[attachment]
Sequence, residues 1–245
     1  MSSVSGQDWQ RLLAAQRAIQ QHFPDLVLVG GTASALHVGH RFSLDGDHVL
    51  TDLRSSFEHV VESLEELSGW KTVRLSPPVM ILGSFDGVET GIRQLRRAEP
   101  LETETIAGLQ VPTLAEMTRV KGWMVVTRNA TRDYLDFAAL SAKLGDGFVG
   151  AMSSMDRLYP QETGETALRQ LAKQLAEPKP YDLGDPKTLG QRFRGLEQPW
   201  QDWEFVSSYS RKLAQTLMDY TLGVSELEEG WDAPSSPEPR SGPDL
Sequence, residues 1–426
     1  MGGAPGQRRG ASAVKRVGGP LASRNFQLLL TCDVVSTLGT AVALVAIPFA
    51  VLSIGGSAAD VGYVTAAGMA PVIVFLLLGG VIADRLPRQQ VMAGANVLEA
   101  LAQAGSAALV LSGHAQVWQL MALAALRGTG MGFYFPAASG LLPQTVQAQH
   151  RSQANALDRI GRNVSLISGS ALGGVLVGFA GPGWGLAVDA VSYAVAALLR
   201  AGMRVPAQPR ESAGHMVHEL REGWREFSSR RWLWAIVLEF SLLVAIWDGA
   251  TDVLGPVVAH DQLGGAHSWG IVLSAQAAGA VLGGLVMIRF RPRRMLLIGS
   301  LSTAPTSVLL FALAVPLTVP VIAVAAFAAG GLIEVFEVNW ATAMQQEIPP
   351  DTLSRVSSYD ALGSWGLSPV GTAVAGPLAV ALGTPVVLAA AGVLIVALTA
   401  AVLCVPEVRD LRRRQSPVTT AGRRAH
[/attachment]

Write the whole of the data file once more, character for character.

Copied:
Sequence, residues 1–245
     1  MSSVSGQDWQ RLLAAQRAIQ QHFPDLVLVG GTASALHVGH RFSLDGDHVL
    51  TDLRSSFEHV VESLEELSGW KTVRLSPPVM ILGSFDGVET GIRQLRRAEP
   101  LETETIAGLQ VPTLAEMTRV KGWMVVTRNA TRDYLDFAAL SAKLGDGFVG
   151  AMSSMDRLYP QETGETALRQ LAKQLAEPKP YDLGDPKTLG QRFRGLEQPW
   201  QDWEFVSSYS RKLAQTLMDY TLGVSELEEG WDAPSSPEPR SGPDL
Sequence, residues 1–426
     1  MGGAPGQRRG ASAVKRVGGP LASRNFQLLL TCDVVSTLGT AVALVAIPFA
    51  VLSIGGSAAD VGYVTAAGMA PVIVFLLLGG VIADRLPRQQ VMAGANVLEA
   101  LAQAGSAALV LSGHAQVWQL MALAALRGTG MGFYFPAASG LLPQTVQAQH
   151  RSQANALDRI GRNVSLISGS ALGGVLVGFA GPGWGLAVDA VSYAVAALLR
   201  AGMRVPAQPR ESAGHMVHEL REGWREFSSR RWLWAIVLEF SLLVAIWDGA
   251  TDVLGPVVAH DQLGGAHSWG IVLSAQAAGA VLGGLVMIRF RPRRMLLIGS
   301  LSTAPTSVLL FALAVPLTVP VIAVAAFAAG GLIEVFEVNW ATAMQQEIPP
   351  DTLSRVSSYD ALGSWGLSPV GTAVAGPLAV ALGTPVVLAA AGVLIVALTA
   401  AVLCVPEVRD LRRRQSPVTT AGRRAH